Russian rights activists commemorate victims of political persecution

[JURIST] Russian human rights activists held vigil in Lubyanka Square, former KBG headquarters and current location of the Federal Security Service, in Moscow on Monday to commemorate victims of political persecution during the Soviet Era and to protest current prosecution of Russians on political grounds. International human rights group Memorial [advocacy website] told Interfax on Sunday that there are currently about 900,000 "victims of political reprisals" and said that Russian officials have not done enough to help these victims [Interfax report]. A round-table discussion on alleged political prisoners was held in conjunction with the rally to discuss new Russian laws that may infringe on certain freedoms.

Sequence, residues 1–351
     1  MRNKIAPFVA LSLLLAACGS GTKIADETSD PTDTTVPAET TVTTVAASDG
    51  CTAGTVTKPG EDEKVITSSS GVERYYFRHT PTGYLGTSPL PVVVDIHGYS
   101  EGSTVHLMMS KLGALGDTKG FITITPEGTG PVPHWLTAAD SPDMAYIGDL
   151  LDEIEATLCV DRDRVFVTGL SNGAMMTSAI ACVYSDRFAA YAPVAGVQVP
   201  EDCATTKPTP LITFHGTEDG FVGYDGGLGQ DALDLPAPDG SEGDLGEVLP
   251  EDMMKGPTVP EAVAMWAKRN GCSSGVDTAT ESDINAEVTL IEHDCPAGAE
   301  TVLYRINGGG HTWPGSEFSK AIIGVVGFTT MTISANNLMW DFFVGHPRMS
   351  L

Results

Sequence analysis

Russian President Vladimir Putin [official website] has been criticized for infringing on freedoms throughout his term in office. Earlier this month, a Russian court shut down the Russian-Chechen Friendship Society [JURIST report], a Chechen human rights group that has been exposing abuses against civilians in Chechnya and providing assistance to victims of violence. The group was shut down in accordance with a new and controversial Russian NGO law passed [JURIST report] earlier this year that makes it illegal for NGOs to be headed by persons with criminal records. According to the Worldwide Index of Freedom [press release], a report measuring protection of press freedom, issued last week by Reporters Without Borders (RWB) [advocacy website], Russia fell nine places this year to rank 147th. AP has more. MosNews has local coverage.



 

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